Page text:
YACC [5] is the classic parser generator. It accepts grammars of the LALR(1) class of context-free grammars with optionally additional disambiguation rules. For our YACC-based tools we use Bison, the GNU version of YACC, however, we will refer to our use of Bison as YACC (on most systems yacc is actually an alias of bison). The first and the second grammar of Figure 1 are YACC grammars. The first grammar encodes the precedence rules of the arithmetic language in the productions of the grammar. The operators + and * are left-associative, since the grammar does not allow an occurrence of + at the right-hand side of a +. The operator * takes precedence over the operator +, since it is not possible at all to have a + at left or right-hand side of a *. The second grammar uses separate YACC precedence declarations [1]. Without disambiguation rules (and implicit conflict resultion), this grammar is ambiguous, e.g 1 + 2*3 has two different parse trees: (E ^ (E ^ (E ^ 1) + (E ^ 2)) * (E ^ 3)) and (E ^ (E ^ 1) + (E ^ (E ^ 2) * (E ^ 3))) are both elements of Tg(E).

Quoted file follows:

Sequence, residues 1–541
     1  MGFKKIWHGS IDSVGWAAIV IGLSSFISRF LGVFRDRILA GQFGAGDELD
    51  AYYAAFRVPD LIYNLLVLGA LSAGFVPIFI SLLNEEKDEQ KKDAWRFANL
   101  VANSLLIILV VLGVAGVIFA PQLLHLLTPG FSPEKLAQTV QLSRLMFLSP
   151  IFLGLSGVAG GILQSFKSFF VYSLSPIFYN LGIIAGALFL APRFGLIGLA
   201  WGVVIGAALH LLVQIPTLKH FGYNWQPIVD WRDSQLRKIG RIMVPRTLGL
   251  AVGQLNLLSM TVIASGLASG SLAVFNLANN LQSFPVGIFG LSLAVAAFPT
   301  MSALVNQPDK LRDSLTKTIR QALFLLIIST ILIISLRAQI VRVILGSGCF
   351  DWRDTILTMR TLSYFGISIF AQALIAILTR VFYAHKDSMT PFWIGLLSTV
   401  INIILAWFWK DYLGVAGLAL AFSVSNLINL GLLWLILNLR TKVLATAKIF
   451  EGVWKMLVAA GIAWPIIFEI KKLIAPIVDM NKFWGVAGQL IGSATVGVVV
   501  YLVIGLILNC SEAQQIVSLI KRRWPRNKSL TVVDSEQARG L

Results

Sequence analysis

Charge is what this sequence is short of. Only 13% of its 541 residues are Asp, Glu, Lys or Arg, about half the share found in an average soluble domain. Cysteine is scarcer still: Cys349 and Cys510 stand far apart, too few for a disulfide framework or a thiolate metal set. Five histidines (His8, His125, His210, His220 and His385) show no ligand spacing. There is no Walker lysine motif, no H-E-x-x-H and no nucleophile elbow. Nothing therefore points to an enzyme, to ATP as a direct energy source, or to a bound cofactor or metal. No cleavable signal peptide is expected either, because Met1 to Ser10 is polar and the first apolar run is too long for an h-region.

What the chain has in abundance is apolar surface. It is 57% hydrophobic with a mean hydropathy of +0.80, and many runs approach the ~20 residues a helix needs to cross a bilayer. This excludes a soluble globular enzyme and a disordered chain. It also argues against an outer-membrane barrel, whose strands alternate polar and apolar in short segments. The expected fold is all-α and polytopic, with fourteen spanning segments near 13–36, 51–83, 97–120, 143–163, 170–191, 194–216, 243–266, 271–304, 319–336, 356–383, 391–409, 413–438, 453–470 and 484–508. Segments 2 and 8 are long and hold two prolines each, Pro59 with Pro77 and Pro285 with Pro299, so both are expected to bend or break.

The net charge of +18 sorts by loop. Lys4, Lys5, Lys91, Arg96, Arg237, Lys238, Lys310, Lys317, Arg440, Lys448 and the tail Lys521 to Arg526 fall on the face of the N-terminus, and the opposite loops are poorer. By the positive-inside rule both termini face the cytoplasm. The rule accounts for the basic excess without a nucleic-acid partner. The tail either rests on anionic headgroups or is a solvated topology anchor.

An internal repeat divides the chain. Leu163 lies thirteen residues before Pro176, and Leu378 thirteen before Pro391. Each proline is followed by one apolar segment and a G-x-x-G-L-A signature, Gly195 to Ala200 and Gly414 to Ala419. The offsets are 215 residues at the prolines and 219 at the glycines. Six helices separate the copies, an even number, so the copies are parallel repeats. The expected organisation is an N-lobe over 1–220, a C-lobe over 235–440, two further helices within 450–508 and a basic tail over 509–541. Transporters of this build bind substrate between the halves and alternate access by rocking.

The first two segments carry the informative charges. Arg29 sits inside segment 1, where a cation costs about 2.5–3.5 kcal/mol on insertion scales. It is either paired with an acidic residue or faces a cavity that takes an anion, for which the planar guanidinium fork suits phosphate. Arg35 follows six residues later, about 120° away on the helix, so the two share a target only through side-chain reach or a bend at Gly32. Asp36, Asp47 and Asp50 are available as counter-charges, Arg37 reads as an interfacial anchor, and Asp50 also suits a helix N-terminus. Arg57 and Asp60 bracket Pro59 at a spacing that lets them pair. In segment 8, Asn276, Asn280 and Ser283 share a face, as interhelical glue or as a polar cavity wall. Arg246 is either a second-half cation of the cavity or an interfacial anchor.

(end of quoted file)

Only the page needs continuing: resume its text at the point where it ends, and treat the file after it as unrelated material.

As disambiguation rules, YACC allows declarations of the precedence of operators, which can be %left, %right, or %nonassoc. After the associativity comes a list of tokens. All tokens on the same line have the same precedence. The relative